The U.S. Federal Communications Commission said Friday that it remains open to a range of options for new net neutrality rules, following a news report saying it is leaning toward a controversial approach that regulates one piece of broadband service.
The Wall Street Journal, late Thursday, reported that FCC Chairman Tom Wheeler is leaning toward a regulatory approach that includes a partial reclassification of broadband as a regulated utility.
Citing anonymous sources, the Journal reported that Wheeler is looking at separating broadband into two services for the purpose of regulation. One service would be retail broadband access and the second would be back-end transit service, which the FCC would reclassify as a regulated common carrier, similar to utility-style regulation under the traditional telephone service.
The plan Wheeler is leaning toward would build on hybrid regulatory proposals from the Center for Democracy and Technology and Mozilla, the Wall Street Journal story said.
Any proposal from Wheeler would have to be approved by the five-member FCC. Wheeler has not yet decided on a net neutrality plan, said Kim Hart, spokeswoman for the agency. All broadband reclassification options “are under serious consideration, including proposals by Mozilla, CDT and others,” she said by email.
If Wheeler is considering a hybrid approach, it would be an effort to sidestep some sticky legal issues related to the commission’s past reclassification of broadband as a lightly regulated information service.
On Thursday, Verizon Communications released a white paper arguing that the FCC does not have the legal authority to reclassify broadband as a regulated common carrier.
But Verizon, the only one of the four largest U.S. broadband providers to oppose any net neutrality rules, also argued that dividing broadband into two distinct services for the purposes of regulation because the U.S. Supreme Court, in its 2005 Brand X cable broadband classification case, found that broadband was an “integrated service offering for accessing, utilizing, storing, processing and retrieving information using the Internet.”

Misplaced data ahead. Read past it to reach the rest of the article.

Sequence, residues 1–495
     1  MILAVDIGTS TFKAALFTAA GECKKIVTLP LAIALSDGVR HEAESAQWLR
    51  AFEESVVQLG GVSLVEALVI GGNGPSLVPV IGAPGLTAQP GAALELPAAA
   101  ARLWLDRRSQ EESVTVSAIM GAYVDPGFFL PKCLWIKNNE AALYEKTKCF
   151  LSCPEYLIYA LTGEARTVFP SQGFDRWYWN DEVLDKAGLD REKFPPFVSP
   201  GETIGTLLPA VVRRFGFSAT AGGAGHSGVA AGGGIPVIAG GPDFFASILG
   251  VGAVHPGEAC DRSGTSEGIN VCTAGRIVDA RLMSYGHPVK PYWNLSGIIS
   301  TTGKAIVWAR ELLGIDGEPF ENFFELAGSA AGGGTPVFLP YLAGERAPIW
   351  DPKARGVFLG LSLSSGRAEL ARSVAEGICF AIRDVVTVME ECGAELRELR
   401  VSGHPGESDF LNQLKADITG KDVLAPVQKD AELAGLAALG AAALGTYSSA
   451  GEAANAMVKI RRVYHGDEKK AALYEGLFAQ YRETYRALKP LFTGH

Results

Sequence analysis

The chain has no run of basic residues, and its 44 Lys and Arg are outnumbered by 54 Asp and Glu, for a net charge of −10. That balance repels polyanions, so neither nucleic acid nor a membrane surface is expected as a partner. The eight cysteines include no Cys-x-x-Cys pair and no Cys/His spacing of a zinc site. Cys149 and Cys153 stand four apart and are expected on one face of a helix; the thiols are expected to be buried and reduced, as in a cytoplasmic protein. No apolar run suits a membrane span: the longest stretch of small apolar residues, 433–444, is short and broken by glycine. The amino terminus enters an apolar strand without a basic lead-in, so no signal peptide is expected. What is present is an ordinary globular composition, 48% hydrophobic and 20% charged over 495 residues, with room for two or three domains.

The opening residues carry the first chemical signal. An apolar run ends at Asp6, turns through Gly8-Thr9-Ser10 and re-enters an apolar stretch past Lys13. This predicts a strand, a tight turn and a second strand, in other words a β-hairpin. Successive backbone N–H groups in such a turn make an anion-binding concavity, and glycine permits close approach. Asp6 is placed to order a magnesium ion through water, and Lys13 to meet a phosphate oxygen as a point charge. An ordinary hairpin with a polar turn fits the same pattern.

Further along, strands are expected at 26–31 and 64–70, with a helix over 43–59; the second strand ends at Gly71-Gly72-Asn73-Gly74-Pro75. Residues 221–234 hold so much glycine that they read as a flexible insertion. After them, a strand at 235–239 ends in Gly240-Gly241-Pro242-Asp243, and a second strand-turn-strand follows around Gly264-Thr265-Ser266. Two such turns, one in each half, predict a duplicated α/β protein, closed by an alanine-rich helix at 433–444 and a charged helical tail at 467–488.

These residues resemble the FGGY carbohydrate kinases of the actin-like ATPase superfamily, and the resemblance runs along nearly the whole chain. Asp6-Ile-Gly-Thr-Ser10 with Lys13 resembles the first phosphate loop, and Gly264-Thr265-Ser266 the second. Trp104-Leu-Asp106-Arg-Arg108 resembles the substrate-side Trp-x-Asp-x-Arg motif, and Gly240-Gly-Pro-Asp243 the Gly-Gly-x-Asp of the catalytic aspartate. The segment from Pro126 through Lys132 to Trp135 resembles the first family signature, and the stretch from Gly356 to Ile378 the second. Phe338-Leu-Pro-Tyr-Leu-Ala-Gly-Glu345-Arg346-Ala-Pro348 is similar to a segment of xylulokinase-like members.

Brand X was a small Internet service provider that wanted to use the networks owned by cable broadband carriers, but the court rejected its request. Net neutrality supporters have argued that the Brand X case also gives the FCC room to change its mind on regulatory classification of services. The Supreme Court ruled in the case that regulatory agencies have broad authority to interpret laws in their area of expertise.
Verizon, however, seemed to suggest it would again challenge the FCC in court if the agency reclassifies broadband as a common carrier. The company challenged net neutrality rules the FCC adopted in 2010, and a U.S. appeals court overturned part of those rules early this year.
Reclassification of broadband is not likely “to withstand legal challenge, especially because the commission’s reversal of decades of policy would be subject to heightened scrutiny,” Verizon’s lawyers wrote in the company’s white paper.
Some advocates of strong net neutrality rules did not welcome the news that Wheeler may be considering a hybrid regulatory approach. It’s “good news” if Wheeler has abandoned an earlier proposal that would allow broadband providers to engage in “commercially reasonable” traffic management, but hybrid approaches don’t go far enough, said Craig Aaron, president and CEO of digital rights group Free Press.
“This Frankenstein proposal is no treat for Internet users, and they shouldn’t be tricked,” Aaron said in a statement. “No matter how you dress it up, any rules that don’t clearly restore the agency’s authority and prevent specialized fast lanes and paid prioritization aren’t real net neutrality.”
The hybrid approaches divide the Internet up to protect corporations sending information, but not the customers receiving it, Aaron added.
“Chairman Wheeler can’t wave a wand, change the law, and pretend to break the Internet in two,” he added. “Such an untested, too-clever-by-half approach is bad law and a bad idea. It will not survive in court, and it is clearly inferior to reclassifying broadband.”